Greg: There is a certain level of romantic in every songwriter. There has to be. Whether for a person, place or even just the concept of romance, for or against, it makes up a significant part to every songwriter. And with songwriters, you can’t ever stop them from writing.
For Field Medic (Singer/Songwriter/one third of Rin Tin Tiger: Kevin Sullivan) his writing just keeps going. With the release of A Book Worth Reading on Valentine’s Day, Field Medic can’t be stopped. I, for one, cling to the rolling folk webs he weaves with every track and A Book Worth Reading is no exception.
Clay: I think the interesting piece of Field Medic, and this EP in particular, is the stark contrast of those rolling folk webs with the spartan sublimeness of the music. The “just a boy and his guitar” (and some country-girl backing vocals courtesy of Old Grey Whistle Test) tonality complements Sullivan’s poetry no matter which tack it takes, from “I don’t feel like dyin’ since she washed up on my shore” to “I want to spend my days off on opiates and inside of you.”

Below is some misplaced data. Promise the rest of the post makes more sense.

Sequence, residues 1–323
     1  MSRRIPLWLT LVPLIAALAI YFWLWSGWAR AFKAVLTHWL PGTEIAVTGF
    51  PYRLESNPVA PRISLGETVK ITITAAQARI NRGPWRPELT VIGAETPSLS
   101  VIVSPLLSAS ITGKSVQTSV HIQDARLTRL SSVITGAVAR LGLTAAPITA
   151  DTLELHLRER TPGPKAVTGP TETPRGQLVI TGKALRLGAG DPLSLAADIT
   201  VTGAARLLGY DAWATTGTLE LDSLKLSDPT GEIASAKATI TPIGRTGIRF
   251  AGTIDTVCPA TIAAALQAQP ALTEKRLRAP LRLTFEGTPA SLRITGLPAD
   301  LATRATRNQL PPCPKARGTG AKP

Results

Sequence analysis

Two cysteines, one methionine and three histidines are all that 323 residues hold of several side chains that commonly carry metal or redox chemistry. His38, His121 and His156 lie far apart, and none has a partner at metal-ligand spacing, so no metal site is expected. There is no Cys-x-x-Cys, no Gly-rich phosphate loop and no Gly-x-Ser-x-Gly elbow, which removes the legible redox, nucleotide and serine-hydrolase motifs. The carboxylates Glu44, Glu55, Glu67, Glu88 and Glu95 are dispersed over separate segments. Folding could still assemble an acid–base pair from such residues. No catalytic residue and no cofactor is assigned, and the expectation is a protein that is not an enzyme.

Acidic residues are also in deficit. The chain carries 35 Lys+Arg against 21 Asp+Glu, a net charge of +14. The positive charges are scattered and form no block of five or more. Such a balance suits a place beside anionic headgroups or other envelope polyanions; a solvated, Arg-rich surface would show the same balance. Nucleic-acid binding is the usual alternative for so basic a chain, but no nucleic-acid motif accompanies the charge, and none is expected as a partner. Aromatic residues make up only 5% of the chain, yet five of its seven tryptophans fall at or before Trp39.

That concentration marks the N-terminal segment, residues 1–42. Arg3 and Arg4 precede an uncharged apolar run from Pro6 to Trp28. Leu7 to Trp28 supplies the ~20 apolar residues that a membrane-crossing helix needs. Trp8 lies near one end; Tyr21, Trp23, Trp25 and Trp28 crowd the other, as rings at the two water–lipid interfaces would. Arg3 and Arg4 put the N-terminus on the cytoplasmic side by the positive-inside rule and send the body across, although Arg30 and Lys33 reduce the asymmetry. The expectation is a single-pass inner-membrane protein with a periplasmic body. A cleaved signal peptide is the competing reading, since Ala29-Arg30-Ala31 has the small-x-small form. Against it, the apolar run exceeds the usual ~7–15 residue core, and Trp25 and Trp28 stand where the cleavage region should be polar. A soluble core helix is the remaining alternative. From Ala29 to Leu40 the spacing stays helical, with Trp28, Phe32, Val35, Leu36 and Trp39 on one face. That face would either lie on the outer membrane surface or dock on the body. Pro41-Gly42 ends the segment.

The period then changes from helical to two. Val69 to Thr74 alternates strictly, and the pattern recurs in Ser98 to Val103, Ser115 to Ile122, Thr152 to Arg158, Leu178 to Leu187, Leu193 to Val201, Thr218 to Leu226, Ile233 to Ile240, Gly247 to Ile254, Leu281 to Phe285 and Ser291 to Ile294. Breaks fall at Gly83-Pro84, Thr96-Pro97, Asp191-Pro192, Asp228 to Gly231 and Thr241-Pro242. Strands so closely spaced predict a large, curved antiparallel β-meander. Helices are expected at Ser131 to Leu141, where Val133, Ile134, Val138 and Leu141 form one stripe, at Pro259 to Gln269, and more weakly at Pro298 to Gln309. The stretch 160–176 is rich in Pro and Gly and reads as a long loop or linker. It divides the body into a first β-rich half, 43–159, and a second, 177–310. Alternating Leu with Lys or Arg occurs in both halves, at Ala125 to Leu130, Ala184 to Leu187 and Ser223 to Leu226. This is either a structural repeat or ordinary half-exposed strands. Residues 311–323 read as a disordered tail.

The narrative of this love album deviates from the message we usually get served up on February 14th. Sure, the core is there: boy meets girl and feels complete; but the pathos of an individual whose life may be a mess coupled with the fingerpicking acoustic guitar is devoid of sappy romance. The love it invokes is less a couple enjoying chocolates out of a heart shaped box and more of a broken toy that a child has picked up and decided is worth caring for.
Greg: Sullivan’s sound has typically leaned toward the darker perspective and via Field Medic we’ve seen him exercise precisely that. A Book Worth Reading is proof that love isn’t always hearts and little men in diapers, but rather, it pulls back the curtain to reveal that love is a common ground of embracing the flawed pieces in each other. I found it not so much simply finding a toy worth playing with but an expression that the Hallmark vision is a disgusting skewed profit-driven monster and love isn’t always pretty.
In the grand scheme of Valentine’s Day, you’ll struggle to find something more honest and down to earth than this three track release. It may seem small, but I think this is a big step for Field Medic.